It. Is and, just to follow up where Krystal was you know there's also a lot of seasonal, agriculture, goes on so, we have a number of farmers we'll work in the offseason my, area is a big ski area in the wintertime so certainly. Farmers who grow grains and oil seeds can find, off work, employment through, the winter months to supplement, their income on the farm it's. It's big dollars, to. Operate a farming operation right, now and and to, move on into the next generation I'm, sure Maggie we'll get into this later but what, complicates, that is the fact that we have multiple generations on the farm as well so it's not just parents. Passing on to children it's multiple, generations and multiple siblings so that complicates, it as well and there may need to be. Supplementation. Of income so, that all families have enough income to survive. There are no doubt people watching us right now are listening to us on podcast, who. Are either, in. High, school and they're thinking about their futures or they're, in some kind of post-secondary and, they're considering, whether or not. Farming. Is a viable option, for them or whether they've got to do something else so. Let's start with some discussion on this Maggie why should, a young person today go into farming, it's. An exciting field it's. Full, of technology we're moving on we're on the cusp of moving to even, more technology, and automation. There's. Great. Ways. To gather assets. As you farm, and. Most. Importantly, it's a fantastic. Place to raise your children that's. Why we start affirming 20 years ago that whole setting that's a great place to raise kids it's a wonderful place to raise children a lot. Of what we hear about farming in the province today of course is negative. Because. It's hard if. You're a young person today why should you not be daunted by the. Inevitable, challenges, you're going to run into if you want to become a firmer. Great, question, I think the optimism, and farming always outweighs the pessimism, kind of like Leafs fans so. They keep hoping every year is gonna be a new spring right I, would say right now I talked to the Dean at the Agriculture, College at the University of Guelph there are four jobs for every graduate, coming out of Guelph right now so the feeding, people is not going to go out of style so, for a young person the concept, of if you want a cause you want to feed your country, you want to help address, climate change, agriculture, is a great place to be the, negative side is the reality is it's hard work there's, not always a good return on investment. You're working with Mother Nature seven. Days a week it's not air-conditioned. Comfort necessarily. So, there there are some realities of hard. Work that not all generations, are ready to sign up for okay. That's a that's a nice I think a nice polite way of saying there. Are too many Millennials, today who grow up wanting a certain particular type. Of life and that might not involve getting up at 4:30 in the morning to milk the cows or etc, etc etc at a fair point I don't, want to judge on the Millennials because actually my. Children fall almost, into that category and there, very hardworking and they, work at their own things at their own pace, it's a grew up on a farm. Maybe. Why they're hard-working I. Don't. Know I think they look for solutions that are different than we did and, I. Think that because agriculture. Is becoming more automated, and more, technological, there's gonna be a huge need, for those Millennials that have those skill sets Keith. Can you weigh in on that whether this is and you. Know still a decent way to make a living if you're a young person looking to make a mark in the world absolutely, and and you know we talk about hard work and that the physical part of that is true but, it's also you, have to work smarts, like any other business you'd have to work smart and know just to follow up on we're making crystal, were the, technological. Advancements, are incredible, where we come with science, improving. Our genetics. And livestock and in crops has. Been phenomenal a turnover of, improvement, is rapid, and that's, drawing people to, the to the industry and what. I don't think people understand, as much that's, when we're crystals going with the jobs aspect, but coming out of colleges you, know I have, robots and things like that on my farm that I can run and they can operate but don't ask me to fix them so we need the support services, the.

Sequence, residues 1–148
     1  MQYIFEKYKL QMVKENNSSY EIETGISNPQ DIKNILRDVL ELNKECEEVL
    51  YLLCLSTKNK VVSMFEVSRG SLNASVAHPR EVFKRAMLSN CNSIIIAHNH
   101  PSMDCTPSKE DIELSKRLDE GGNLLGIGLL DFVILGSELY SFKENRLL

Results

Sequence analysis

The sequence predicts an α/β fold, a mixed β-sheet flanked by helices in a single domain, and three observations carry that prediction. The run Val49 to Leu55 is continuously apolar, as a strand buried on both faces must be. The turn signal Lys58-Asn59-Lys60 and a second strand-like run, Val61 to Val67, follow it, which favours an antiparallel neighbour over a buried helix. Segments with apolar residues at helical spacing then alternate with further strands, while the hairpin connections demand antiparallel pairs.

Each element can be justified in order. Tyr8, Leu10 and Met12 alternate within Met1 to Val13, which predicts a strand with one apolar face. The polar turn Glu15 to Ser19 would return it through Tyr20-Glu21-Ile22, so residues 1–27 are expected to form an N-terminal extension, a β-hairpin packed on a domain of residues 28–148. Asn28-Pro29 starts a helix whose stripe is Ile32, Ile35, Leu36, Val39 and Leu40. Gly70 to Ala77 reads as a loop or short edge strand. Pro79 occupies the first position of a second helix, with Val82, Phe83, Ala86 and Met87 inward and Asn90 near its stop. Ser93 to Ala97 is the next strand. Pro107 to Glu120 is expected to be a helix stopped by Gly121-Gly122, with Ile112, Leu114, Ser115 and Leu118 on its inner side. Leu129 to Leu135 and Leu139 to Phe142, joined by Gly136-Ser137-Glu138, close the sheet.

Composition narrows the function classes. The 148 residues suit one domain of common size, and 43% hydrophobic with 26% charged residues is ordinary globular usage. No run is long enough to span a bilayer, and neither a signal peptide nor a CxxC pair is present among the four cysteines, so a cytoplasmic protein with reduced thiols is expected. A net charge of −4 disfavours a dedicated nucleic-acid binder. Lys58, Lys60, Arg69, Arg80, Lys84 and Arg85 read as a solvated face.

Careers That, will support me as a farm business so there's opportunity, in rural Ontario to, be part of the agri-food industry without, actually hands-on on the farm and you know we need to be promoting those kinds of things too and and and, and you know to go. Where Maggie was but, I mean is sexy again technology. Certainly made a big a big, impact on that so I I, have I mean I've always been optimistic about agriculture Stan it's the best job in the world whether you're on the farm or related to the. Agri-food industry and, I think the more we get that message out the more people realize that there's great, opportunities, Keith, I don't want to sound like a city snob here but when you say it's sexy again was it ever sexy once before. In. My. Eyes. I, want. To, well. How, do I put this so that I don't again sound like a jerk here okay I hear farmers all the time talking about how the weather is never good enough about how the interest rates are always too high they always owe the bank too much money it's, always too hard to get people who are prepared to put in an honest day's work for an honest day's wage I hear, a lot from the, agri-food sector about, you know the negative side of this, occupation, am, I only hearing Cristal one side of the story here I think. It's human nature to, complain about the weather particularly. In Canada so let's put that on the table. We I think our sector is our own worst enemy sometimes of being a little too negative and focusing on the positive and forgetting, about the the reason why with, heart that people choose to farm and I, see that tide turning to see people are standing up to say no this is a good place to raise our kids we are feeding our country, what can be more valuable than that with pride our. Firm is complaining too much, no. I don't think so don't think so no maybe to their own children. No. They have to approach their own farm and no the wrong way so. You can approach something negatively, or you can approach a positively, Steve, and the, successful, farmers approach their business positively, okay I want to find out why I mean obviously nowadays. Given the economics, many. People choose a different, way to go and Keith, I'm going, to infer that at some point along the way, I, you've.